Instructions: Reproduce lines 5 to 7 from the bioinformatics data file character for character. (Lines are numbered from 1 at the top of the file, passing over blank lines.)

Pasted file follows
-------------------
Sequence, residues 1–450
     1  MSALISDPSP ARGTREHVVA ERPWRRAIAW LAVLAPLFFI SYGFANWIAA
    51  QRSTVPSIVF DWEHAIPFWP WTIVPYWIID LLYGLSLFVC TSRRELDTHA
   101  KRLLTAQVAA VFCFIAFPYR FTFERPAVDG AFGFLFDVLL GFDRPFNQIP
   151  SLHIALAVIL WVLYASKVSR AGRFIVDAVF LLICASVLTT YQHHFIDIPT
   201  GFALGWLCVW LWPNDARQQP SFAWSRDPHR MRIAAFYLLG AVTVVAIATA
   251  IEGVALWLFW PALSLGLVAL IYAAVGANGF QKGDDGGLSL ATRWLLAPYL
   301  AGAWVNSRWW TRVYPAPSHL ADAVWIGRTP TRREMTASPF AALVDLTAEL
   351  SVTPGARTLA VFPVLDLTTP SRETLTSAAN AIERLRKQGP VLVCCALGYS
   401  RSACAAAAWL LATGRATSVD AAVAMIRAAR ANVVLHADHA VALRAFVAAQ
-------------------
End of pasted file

   151  SLHIALAVIL WVLYASKVSR AGRFIVDAVF LLICASVLTT YQHHFIDIPT
   201  GFALGWLCVW LWPNDARQQP SFAWSRDPHR MRIAAFYLLG AVTVVAIATA
   251  IEGVALWLFW PALSLGLVAL IYAAVGANGF QKGDDGGLSL ATRWLLAPYL